This issue is non-partisan, pro-jobs and pro-veterans ; it’s something we can all agree upon.  So I’d like to see public officials, task forces and public-private partnerships ratchet up their efforts.  With hundreds of thousands of service members leaving the service, we can’t waste time with bureaucratic regulations that keep qualified veterans from getting jobs in industries that needs them.

Today, the Call of Duty™ Endowment announced plans to donate more than $4 million in grants to assist young veterans in attaining high quality careers. This comes amidst new numbers released by the Bureau of Labor Statistics (BLS) showing that the unemployment rate for the youngest veterans (aged 18-24) increased this year, standing nearly seven percent higher than for their nonveteran counterparts (21.4 percent and 14.3 percent, respectively). Our new infographic presents the continued veteran employment problem in an easy to read visual format.

 

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Sitting here in LA, I’d be remiss not talking about veterans in the entertainment industry, especially with the Academy Awards in the rear view mirror. And while Ellen DeGeneres’ pizza ordering gag for the award show attendees caught a lot of attention, I’d like to shine the spotlight on a less publicized, more meaningful contribution to the entertainment business.

I’m referring to Veterans in Film and Television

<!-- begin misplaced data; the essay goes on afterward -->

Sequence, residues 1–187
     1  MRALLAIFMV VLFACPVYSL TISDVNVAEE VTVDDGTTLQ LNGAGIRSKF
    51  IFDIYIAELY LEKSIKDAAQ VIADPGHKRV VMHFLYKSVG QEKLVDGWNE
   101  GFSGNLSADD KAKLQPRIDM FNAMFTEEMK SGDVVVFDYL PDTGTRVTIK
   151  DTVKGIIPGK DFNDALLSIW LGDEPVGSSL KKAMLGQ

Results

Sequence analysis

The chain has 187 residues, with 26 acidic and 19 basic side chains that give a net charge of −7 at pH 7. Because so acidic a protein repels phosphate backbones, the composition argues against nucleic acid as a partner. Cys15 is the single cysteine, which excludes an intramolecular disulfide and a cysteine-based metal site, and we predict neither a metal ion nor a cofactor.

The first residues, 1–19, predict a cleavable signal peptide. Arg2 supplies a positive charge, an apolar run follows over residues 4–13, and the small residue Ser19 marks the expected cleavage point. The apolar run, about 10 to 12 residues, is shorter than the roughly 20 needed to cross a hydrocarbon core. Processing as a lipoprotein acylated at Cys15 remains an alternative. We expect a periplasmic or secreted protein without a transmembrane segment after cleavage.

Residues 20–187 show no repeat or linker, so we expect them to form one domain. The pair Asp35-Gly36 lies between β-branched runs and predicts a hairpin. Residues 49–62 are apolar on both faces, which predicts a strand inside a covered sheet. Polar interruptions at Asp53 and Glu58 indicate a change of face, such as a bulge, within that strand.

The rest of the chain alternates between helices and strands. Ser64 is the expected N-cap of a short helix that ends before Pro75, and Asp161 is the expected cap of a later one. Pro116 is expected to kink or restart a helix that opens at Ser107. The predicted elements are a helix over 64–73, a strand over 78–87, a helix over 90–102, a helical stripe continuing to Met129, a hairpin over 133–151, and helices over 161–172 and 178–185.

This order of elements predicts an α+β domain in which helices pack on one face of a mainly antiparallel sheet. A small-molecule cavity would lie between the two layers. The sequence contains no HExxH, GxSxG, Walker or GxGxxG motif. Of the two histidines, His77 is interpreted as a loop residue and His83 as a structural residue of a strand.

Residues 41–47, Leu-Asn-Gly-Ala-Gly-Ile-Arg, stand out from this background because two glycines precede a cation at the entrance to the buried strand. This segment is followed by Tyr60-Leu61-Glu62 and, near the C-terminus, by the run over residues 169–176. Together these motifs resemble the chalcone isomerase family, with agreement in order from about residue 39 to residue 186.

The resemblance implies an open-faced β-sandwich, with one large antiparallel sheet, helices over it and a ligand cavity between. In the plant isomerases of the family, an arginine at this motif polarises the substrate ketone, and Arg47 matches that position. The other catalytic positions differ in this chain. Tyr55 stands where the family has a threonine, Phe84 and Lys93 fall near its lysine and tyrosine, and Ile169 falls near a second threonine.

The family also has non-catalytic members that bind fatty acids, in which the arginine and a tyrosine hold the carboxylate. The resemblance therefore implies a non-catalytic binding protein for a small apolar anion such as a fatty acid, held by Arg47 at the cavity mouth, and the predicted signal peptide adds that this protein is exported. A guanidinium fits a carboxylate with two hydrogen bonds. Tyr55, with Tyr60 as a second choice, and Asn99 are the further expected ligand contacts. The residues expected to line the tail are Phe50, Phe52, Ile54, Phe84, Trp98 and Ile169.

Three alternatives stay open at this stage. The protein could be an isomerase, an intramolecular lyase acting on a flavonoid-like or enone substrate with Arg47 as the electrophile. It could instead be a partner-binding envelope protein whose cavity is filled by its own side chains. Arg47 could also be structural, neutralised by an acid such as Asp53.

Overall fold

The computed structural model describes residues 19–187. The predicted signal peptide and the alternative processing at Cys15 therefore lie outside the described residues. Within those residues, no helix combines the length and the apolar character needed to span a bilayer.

This group, which didn’t exist 2 years ago and now has over 1,700 members, holds a unique and important role in helping veterans find good jobs.  Founded by Mike Dowling, a former Marine, and Kyle Hausmann-Stokes, a former paratrooper, VFT serves as a networking organization for both current and former military service members pursuing entertainment industry careers. 

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Source: VFTLA.org

 

In its own way, VFT addresses both the supply and the demand side of the veterans employment issue. Veterans who work, or aspire to work, in entertainment can post their professional creds on VFT’s site, designed for potential employers to find exactly the profile they’re seeking. They also post opportunity alerts targeted for specific skill sets and run exceptionally productive networking events (in an industry where connections are fundamental) that boast great speakers like Ron Meyer (President of Universal Studios), Robert Ulrich (casting director for CSI and Glee) and Gale Anne Hurd (producer for Walking Dead).